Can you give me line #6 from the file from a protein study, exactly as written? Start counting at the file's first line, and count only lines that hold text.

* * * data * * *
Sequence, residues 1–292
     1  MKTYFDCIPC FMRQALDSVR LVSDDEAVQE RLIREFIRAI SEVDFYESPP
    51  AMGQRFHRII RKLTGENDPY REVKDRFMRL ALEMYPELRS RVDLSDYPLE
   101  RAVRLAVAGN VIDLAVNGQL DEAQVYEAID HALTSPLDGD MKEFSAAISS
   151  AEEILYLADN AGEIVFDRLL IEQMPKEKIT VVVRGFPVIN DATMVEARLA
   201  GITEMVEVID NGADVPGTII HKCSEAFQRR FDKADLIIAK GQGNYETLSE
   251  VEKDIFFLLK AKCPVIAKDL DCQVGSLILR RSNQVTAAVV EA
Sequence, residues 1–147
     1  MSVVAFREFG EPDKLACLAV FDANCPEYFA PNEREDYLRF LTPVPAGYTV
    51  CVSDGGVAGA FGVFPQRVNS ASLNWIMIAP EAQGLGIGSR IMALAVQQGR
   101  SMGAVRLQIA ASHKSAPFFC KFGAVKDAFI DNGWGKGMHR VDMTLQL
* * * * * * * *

   201  GITEMVEVID NGADVPGTII HKCSEAFQRR FDKADLIIAK GQGNYETLSE